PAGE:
Heat wave continues in the East and Midwest, expands to the West


Temperatures are continuing to sizzle across many regions in the U.S. this weekend, with an air quality health advisory issued for New York City and surrounding areas.

States from the East Coast to the southern Plains and much of the Pacific Northwest, Great Basin and California are seeing temperatures ranging from the mid-90s to the low 100s, according to the National Weather Service.

The heat wave is expected to continue for most of the eastern U.S. into Monday and Tuesday, with heat advisories in effect for more than 100 million people.

“These temperatures remain the most anomalous and dangerous for early Summer over portions of the Midwest/Ohio Valley east to the Mid-Atlantic,” the National Weather Service said in an update Saturday. “Heat-related advisories and warnings are in place as humidity will bring heat index values as high as the mid-100s.” The heat index is what temperatures feel like to the human body.

Washington, D.C., saw its highest temperature since 2012 on Saturday. The capital hit 100 degrees for the first time in over a decade, only one degree shy of the record for the date, according to the NWS’ Baltimore-Washington office.

Maryland broke the daily high temperature record of 100 degrees, hitting 101 F. The Maryland Zoo in Baltimore had to resort to creative methods to keep its animals cool amid the heat.

An air quality health advisory was issued for New York City, Long Island and the lower Hudson Valley region for Saturday due to levels of pollution expected to exceed an Air Quality Index of 100. In Newark, a code red was issued for the weekend by Mayor Ras J. Baraka after temperatures were forecast to reach the high 90s.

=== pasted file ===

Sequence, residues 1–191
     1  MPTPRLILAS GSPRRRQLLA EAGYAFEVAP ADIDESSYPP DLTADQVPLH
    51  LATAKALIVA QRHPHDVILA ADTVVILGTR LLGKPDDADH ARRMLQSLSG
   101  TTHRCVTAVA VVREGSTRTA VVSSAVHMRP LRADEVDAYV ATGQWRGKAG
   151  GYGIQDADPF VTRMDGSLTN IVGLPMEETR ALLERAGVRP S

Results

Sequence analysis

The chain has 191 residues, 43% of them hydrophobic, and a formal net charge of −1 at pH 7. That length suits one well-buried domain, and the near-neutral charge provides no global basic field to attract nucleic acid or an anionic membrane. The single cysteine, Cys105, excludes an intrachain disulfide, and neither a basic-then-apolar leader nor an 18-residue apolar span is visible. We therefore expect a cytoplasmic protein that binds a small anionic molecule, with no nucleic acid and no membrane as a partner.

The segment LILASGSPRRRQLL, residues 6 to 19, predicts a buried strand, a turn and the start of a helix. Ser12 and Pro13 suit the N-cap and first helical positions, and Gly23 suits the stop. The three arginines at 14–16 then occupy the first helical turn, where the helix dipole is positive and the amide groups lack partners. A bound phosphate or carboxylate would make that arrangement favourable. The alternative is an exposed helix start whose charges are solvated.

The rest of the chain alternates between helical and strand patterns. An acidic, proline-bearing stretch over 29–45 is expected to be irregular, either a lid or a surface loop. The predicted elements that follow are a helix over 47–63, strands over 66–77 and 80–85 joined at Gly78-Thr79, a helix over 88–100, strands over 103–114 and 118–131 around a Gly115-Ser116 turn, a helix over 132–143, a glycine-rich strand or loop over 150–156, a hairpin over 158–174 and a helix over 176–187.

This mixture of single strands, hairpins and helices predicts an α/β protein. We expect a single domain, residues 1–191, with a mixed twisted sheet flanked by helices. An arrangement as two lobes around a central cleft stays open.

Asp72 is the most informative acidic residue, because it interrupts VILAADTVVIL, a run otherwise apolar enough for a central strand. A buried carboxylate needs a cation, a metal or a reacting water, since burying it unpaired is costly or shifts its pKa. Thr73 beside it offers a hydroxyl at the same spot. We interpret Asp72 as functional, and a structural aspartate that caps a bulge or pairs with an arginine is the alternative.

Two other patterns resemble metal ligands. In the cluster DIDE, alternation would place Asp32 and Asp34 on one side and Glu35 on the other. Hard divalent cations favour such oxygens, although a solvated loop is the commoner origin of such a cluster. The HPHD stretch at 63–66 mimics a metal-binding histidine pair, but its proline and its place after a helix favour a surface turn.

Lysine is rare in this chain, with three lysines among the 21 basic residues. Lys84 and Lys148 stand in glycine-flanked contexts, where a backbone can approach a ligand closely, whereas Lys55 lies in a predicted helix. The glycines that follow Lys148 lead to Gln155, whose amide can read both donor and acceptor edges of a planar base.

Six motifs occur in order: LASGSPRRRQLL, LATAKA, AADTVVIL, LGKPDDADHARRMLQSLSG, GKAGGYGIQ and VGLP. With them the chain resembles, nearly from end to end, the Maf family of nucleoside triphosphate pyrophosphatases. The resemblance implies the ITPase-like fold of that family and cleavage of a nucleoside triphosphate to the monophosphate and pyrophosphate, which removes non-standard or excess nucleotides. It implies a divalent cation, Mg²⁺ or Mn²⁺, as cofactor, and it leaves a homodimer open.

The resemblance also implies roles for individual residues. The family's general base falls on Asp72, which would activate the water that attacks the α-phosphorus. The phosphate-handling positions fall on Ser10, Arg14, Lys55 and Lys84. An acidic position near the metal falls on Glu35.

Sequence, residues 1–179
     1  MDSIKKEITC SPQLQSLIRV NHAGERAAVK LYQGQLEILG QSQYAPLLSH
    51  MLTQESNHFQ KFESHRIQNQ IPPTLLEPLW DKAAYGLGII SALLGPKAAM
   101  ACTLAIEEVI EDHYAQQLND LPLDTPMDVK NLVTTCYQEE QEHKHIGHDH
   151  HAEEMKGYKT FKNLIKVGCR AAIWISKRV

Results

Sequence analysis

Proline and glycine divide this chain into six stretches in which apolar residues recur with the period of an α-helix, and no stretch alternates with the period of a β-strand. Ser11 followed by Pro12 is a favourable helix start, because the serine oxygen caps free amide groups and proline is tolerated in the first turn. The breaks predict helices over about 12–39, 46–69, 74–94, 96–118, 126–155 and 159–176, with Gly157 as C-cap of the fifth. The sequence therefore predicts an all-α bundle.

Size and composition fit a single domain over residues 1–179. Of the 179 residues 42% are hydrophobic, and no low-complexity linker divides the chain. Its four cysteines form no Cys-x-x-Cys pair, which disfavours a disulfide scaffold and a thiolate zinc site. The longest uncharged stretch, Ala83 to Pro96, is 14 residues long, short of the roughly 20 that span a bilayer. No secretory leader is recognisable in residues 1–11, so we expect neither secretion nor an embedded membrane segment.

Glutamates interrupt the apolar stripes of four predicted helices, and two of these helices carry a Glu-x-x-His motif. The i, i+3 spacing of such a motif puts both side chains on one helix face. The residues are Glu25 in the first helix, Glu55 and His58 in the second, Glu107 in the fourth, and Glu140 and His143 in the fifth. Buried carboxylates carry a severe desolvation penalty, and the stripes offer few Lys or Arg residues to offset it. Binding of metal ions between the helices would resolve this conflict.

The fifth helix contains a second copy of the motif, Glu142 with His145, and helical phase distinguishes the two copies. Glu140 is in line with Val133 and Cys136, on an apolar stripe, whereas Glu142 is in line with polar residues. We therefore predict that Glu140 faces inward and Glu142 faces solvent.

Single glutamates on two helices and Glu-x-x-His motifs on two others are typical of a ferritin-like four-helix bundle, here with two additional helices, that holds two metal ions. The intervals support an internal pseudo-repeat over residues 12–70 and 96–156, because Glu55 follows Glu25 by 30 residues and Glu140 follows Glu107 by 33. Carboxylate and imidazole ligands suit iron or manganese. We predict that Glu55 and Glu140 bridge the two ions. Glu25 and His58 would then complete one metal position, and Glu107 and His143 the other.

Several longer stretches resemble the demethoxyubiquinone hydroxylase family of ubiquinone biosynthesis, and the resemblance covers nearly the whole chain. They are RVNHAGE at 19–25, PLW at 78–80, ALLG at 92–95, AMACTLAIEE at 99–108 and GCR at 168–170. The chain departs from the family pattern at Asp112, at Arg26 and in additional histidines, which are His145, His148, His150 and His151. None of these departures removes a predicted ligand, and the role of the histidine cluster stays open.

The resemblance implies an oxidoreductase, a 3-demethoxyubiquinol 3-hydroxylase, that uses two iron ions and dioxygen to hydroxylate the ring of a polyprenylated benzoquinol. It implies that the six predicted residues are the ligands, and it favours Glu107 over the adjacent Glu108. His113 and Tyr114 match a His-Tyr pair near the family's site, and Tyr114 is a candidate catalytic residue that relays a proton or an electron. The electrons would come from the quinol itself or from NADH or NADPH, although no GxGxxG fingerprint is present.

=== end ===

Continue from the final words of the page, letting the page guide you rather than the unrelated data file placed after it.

The heat will move southward Sunday, bringing respite to the Midwest and Ohio Valley, but not the mid-Atlantic region. Record-breaking temperatures are possible.

Storms passed through southern and western New England, while Iowa saw historic flooding. A levee broke in Rock Valley overnight, causing authorities to issue an evacuation order for the city, which is now without power and water.

Spencer, Iowa, urged residents to shelter in place as the city’s sewer plant flooded and became inoperable. Residents were told not to flush or use water reserves unless absolutely necessary, and some areas of the city are without power.

An upper-level ridge building over western and central states will bring high temperatures to this region as well, per the weather service.

Cooler climes are forecast for the Pacific Northwest on Sunday, but the sizzling heat will continue for most of the central and northern High Plains, and central to Southern California. The Desert Southwest, where it will still be hot but closer to average temperatures, is expected to experience monsoonlike conditions.

The National Weather Service’s Los Angeles field office warned that itll be hot in the area this weekend to next week, and encouraged residents to practice heat safety, which includes staying hydrated, limiting strenuous activities outdoors and never leaving kids or pets in a car unattended.

“Heat can kill quickly,” the field office said on X.